The Australian Technical Advisory Group on Immunisation also recommended that people under 50 who had already received their first AstraZeneca shot should proceed with getting their second shot, as the medical advice indicated the rare blood clots only develop after the first dose.
The group said that only when the benefit clearly outweighs the risk should an initial AstraZeneca shot be given to someone under 50.
Healthcare workers under 50 who were due to receive the AstraZeneca vaccine will now be prioritized for the Pfizer vaccine, which will likely delay the inoculation process.
Indeed, under Australia’s vaccine strategy, most people were due to receive the AstraZeneca vaccine.
Opposition politicians said the European agency's findings highlighted the danger in Australia failing to secure vaccine deals with other suppliers.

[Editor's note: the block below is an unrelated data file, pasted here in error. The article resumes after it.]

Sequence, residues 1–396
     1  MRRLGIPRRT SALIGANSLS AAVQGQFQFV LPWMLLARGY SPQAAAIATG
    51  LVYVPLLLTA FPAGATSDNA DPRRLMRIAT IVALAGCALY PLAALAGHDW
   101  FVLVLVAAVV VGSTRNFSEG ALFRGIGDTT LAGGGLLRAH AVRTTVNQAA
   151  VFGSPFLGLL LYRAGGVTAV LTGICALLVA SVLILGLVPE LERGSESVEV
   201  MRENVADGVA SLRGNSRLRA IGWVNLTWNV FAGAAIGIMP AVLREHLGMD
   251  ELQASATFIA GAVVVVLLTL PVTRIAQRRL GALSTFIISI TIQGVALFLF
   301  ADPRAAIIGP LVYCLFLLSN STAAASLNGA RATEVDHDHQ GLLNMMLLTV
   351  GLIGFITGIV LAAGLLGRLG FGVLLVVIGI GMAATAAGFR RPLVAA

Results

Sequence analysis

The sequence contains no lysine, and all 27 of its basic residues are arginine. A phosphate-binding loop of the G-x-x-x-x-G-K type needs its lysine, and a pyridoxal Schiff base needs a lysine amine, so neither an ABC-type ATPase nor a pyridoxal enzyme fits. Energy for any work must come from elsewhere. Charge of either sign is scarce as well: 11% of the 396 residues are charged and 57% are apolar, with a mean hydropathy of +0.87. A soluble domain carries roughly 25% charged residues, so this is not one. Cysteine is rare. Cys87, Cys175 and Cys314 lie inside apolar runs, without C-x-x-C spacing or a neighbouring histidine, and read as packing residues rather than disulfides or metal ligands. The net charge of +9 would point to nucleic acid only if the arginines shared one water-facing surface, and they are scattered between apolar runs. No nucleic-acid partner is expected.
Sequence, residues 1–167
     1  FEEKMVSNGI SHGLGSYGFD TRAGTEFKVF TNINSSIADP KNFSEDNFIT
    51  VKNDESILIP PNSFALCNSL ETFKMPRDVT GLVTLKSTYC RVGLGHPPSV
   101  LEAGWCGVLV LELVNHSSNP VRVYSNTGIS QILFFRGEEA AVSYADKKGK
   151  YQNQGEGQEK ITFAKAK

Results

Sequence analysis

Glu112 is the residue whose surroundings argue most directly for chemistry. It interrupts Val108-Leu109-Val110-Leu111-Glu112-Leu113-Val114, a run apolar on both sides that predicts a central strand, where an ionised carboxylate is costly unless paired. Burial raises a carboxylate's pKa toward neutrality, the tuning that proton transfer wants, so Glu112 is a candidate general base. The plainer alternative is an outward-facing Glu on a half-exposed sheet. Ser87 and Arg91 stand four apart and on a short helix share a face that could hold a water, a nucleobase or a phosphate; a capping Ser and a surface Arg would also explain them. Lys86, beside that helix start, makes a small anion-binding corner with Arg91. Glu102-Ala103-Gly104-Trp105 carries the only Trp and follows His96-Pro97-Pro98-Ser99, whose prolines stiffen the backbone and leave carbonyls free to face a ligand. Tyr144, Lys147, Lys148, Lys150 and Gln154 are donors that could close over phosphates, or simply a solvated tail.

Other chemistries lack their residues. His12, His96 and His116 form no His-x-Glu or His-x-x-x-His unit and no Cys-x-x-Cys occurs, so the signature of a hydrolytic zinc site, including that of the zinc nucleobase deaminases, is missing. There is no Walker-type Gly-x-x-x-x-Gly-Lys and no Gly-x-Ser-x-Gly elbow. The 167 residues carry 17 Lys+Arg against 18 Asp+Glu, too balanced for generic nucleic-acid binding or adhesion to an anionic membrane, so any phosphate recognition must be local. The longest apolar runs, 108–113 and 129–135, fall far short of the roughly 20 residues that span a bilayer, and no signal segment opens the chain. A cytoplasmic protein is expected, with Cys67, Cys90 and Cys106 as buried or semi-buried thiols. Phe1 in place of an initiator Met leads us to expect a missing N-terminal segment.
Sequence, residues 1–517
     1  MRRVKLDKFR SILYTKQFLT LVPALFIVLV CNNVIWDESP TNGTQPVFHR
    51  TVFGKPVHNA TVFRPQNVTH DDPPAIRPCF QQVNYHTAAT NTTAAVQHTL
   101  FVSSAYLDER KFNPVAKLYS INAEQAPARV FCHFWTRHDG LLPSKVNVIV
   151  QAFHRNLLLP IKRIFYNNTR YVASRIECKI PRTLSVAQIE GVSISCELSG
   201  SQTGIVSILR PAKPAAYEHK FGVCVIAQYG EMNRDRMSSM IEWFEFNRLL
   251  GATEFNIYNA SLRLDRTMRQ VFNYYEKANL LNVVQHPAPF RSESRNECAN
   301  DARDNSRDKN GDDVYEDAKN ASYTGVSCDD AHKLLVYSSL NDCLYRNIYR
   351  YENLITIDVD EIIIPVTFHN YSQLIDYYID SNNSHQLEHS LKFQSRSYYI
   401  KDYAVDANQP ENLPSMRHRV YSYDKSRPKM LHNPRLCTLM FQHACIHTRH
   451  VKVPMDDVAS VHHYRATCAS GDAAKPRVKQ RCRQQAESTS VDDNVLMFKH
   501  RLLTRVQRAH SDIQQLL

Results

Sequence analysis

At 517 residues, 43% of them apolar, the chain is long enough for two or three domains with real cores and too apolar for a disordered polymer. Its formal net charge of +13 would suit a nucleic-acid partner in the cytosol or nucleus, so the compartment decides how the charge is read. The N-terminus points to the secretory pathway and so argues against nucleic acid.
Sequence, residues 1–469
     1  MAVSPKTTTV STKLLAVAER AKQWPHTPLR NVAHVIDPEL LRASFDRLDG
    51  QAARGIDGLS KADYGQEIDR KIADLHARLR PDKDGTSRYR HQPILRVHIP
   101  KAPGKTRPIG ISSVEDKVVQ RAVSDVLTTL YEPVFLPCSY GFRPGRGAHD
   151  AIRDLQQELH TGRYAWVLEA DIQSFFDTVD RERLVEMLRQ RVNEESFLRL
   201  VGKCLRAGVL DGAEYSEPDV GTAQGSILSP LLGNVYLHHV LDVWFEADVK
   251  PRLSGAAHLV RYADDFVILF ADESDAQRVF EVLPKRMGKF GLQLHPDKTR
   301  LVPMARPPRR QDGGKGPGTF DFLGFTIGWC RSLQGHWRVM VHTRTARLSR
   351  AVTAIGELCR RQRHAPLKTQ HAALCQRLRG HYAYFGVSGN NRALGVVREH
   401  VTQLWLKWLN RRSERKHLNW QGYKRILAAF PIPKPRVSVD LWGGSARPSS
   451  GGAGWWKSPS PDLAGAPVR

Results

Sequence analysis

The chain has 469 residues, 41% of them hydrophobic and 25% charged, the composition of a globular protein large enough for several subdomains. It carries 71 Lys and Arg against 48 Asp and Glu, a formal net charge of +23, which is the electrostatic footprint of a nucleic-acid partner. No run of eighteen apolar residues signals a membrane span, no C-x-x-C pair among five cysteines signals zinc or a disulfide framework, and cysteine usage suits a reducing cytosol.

The move in Australia came after British authorities recommended that the AstraZeneca vaccine not be given to adults under 30 where possible. Several other countries have also imposed limits.
Such restrictions are closely watched since the vaccine, which is cheaper and easier to store than many others, is critical to global immunization campaigns and is a pillar of the U.N.-backed program known as COVAX that aims to get vaccines to some of the world’s poorest countries.
In this image made from video, Australian Prime Minister Scott Morrison, right, with Australian Chief Medical Officer Paul Kelly, speaks during a news conference in Canberra, Australia, Thursday, April 8, 2021. Australia on Thursday become the latest country to restrict use of the AstraZeneca vaccine by recommending that it not be given to people under age 50. (SBS via AP)